Kateretes pusillus (Thunberg, 1794)
This widespread Holarctic species is locally common throughout Eurasia, extending above the Arctic Circle in Scandinavia, and across North America and Canada, in the UK it is generally common or abundant throughout England and Wales north to southwest Scotland although generally absent from the West Country. Typical habitats include all types of wetland e.g. marshes, river and pond margins, sphagnum bogs and floodplains etc. wherever the host plants, various rushes (Juncus spp.) and sedges (Carex spp.) occur, and they are often particularly common along damp woodland margins. Adults appear on the hosts during the first warm days of spring and are soon abundant, at this time they may appear in large aggregations feeding upon pollen and other flower parts but by May they are dispersing and may be found on a wide range of flowers e.g. umbels, nettles and grasses etc. usually near to but not restricted to wetland situations. They remain common until mid or late July and later may occur in extraction samples of wetland leaf-litter etc. Larvae develop in the flowers of rushes and sedges and descend the stems when fully grown to pupate in the soil.
1.6-3.0mm colour varies widely from entirely testaceous to black with well-defined pale elytral macula, more generally testaceous with the elytral margins dark. Entire dorsal surface strongly and densely punctured and finely pubescent; the head, pronotum and scutellum microsculptured and contrasting with the shiny elytra. The form of the basal antennomeres will identify this species; basal segment elongate and dilated, more so in the male, second segment smaller but much larger than the third, and 9-11 form an abrupt and loose club. Head triangular with prominent eyes and mandibles, clypeus with a weak transverse impression behind the antennal insertions. Pronotum transverse and widest towards the base, bordered and finely crenulate laterally, anterior margin rounded and without a border, posterior margin finely bordered, posterior angles widely rounded. Elytra quadrate or slightly elongate, smoothly rounded laterally and truncate apically leaving two abdominal sterna exposed. First visible abdominal sternite produced posteriorly at hind angles. Appendages pale; tibiae gradually widened to obliquely-truncate apex, each with two small spines at the inner apical angle. Tarsi 5-segmented with 1-3 bilobed, 4 very small and 5 elongate, claws smooth and without a basal tooth.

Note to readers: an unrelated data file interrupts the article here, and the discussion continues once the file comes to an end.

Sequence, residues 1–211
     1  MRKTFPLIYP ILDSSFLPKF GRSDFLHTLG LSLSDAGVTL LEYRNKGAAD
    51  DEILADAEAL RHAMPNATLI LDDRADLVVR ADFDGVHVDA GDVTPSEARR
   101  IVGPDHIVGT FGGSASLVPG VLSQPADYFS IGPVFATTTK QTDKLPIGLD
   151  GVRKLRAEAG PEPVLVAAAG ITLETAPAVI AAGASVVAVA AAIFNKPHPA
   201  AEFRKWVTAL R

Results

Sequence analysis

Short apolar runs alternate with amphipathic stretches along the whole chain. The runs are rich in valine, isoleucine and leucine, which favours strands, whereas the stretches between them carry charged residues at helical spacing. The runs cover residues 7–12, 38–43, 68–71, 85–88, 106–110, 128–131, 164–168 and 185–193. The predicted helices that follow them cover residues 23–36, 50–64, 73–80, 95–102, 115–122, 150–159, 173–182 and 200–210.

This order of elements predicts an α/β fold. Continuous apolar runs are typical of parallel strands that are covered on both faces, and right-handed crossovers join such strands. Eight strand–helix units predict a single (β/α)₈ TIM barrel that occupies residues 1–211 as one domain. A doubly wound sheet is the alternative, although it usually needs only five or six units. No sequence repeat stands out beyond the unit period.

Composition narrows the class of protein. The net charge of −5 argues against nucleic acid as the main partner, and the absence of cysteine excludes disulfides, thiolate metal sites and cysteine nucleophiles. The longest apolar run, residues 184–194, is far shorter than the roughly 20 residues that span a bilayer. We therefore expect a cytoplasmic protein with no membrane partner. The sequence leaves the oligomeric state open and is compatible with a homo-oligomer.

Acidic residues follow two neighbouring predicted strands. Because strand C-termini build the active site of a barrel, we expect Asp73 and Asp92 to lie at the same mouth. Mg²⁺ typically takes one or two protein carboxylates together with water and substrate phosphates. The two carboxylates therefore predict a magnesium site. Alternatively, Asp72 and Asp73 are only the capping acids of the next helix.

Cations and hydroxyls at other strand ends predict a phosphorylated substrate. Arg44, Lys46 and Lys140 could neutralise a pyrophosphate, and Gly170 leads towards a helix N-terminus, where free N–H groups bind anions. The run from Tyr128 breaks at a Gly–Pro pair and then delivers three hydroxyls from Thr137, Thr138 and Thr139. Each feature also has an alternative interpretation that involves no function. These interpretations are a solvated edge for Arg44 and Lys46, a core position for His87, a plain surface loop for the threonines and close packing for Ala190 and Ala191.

Male basal antennal segment only weakly expanded internally, second segment distinctly triangular.
Female basal antennal segment parallel-sided, second segment unmodified.